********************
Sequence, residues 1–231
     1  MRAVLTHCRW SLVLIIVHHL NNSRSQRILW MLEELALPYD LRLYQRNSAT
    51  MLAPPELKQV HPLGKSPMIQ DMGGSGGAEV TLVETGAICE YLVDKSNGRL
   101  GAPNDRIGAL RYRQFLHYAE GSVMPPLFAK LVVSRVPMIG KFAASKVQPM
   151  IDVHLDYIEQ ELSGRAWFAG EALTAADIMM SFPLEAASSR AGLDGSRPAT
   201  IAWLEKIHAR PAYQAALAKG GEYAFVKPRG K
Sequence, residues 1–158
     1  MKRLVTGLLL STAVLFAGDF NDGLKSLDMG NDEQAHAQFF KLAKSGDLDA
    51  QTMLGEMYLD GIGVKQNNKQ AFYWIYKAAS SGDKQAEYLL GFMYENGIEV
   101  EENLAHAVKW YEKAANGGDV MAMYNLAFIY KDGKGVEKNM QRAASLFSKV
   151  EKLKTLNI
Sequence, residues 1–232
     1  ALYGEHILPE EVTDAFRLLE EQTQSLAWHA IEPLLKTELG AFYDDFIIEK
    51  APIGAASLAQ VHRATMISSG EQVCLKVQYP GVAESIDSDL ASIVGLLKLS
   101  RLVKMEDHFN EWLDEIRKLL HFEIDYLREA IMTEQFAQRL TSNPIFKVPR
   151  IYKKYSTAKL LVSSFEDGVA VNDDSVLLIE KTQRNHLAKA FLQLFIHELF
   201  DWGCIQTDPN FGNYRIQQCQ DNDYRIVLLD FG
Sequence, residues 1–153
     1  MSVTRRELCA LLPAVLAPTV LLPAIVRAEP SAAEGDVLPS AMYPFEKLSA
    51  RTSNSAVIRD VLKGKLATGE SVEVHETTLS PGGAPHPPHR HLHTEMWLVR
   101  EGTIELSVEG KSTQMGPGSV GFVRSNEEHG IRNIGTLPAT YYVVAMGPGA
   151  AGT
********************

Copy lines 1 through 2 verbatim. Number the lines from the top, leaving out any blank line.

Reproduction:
Sequence, residues 1–231
     1  MRAVLTHCRW SLVLIIVHHL NNSRSQRILW MLEELALPYD LRLYQRNSAT